After we both got over the initial shock of the affair, we spent days and nights seated across from each other, talking about what needed to change in order for our relationship to move forward. We talked about how we'd changed, and how our marriage had shifted and we didn't even notice. I started going to a therapist and eventually encouraged him to come with me. He was resistant at first, but once he started going with me, it was something we looked forward to every other week. We learned just how honest we could be with each other. We talked openly about being attracted to other people, and we were both candid in saying how it felt to have your spouse put you down. We realized that even though we'd always prided ourselves on being so good at communicating — texting all day, always talking on the phone if we were part — we never realized the pieces of our communication we'd neglected.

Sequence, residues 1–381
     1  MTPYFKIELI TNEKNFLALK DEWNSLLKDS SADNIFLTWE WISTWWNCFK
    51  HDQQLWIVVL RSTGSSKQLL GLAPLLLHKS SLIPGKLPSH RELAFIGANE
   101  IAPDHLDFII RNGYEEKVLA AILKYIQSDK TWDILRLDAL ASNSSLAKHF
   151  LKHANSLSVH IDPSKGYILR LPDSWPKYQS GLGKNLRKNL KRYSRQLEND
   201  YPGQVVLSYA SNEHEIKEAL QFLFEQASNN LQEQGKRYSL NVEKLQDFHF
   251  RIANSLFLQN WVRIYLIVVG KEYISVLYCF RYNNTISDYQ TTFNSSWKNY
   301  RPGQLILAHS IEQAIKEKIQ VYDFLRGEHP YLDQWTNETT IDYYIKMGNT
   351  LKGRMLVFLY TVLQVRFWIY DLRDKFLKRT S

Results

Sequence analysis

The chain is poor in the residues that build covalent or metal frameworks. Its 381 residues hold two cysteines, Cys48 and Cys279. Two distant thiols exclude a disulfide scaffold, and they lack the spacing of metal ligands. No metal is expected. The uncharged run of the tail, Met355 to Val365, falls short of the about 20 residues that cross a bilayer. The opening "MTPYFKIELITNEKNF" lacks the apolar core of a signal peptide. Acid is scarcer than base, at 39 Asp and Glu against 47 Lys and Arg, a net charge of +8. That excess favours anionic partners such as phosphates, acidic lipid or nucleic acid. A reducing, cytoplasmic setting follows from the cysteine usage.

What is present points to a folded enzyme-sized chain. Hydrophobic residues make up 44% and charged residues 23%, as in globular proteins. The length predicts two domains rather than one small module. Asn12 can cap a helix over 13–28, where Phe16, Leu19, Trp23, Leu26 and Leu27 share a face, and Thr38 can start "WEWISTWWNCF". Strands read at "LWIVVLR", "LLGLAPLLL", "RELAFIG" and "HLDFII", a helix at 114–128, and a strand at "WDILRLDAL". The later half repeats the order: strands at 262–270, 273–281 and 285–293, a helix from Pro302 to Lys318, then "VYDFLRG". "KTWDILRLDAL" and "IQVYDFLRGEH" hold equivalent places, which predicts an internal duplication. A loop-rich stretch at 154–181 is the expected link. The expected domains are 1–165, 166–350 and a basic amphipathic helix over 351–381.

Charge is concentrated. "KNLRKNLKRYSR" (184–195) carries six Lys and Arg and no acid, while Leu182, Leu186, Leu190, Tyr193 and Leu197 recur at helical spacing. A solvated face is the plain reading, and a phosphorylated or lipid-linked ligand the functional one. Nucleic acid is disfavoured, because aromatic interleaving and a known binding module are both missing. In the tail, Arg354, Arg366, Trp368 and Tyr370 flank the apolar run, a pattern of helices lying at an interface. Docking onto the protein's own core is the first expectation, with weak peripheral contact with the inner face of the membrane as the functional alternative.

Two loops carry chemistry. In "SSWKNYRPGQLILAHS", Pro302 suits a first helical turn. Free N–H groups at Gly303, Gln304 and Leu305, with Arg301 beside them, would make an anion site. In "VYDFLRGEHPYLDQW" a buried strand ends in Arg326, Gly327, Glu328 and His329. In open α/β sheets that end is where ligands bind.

At times I wish I could say it was because my ex-husband had turned cruel, or that he had fallen out of love with me, but that was never the case.
We used to validate each other at the beginning of our relationship, but our language in the years since then had become much more accusatory and defensive. It lacked love and support. Both of us felt as if we weren't being heard or seen. Therapy was brilliant for us because we suddenly felt as if we had a second chance at our marriage, a second chance at our friendship.
In going to therapy and focusing on our relationship, we explored what monogamy actually meant for us, what polyamory could mean for us, and what taking space on our own would look like. I'd spent the last five years of our relationship attached at the hip to my ex-husband, perfectly content, never staying. But once I did, I realized that I wanted to continue to explore and stretch myself. Going through this exploration made me wonder if we should have tried non-monogamy from the start. I wondered if we'd somehow jinxed ourselves by tying our lives to what we believed was a traditional monogamous marriage. The whole year after the affair, it felt like we'd fallen back into love, and we were standing on the foundation we'd originally built together. The only difference was that I didn't want to go back to what we were before, not after we'd both learned so much about ourselves and each other.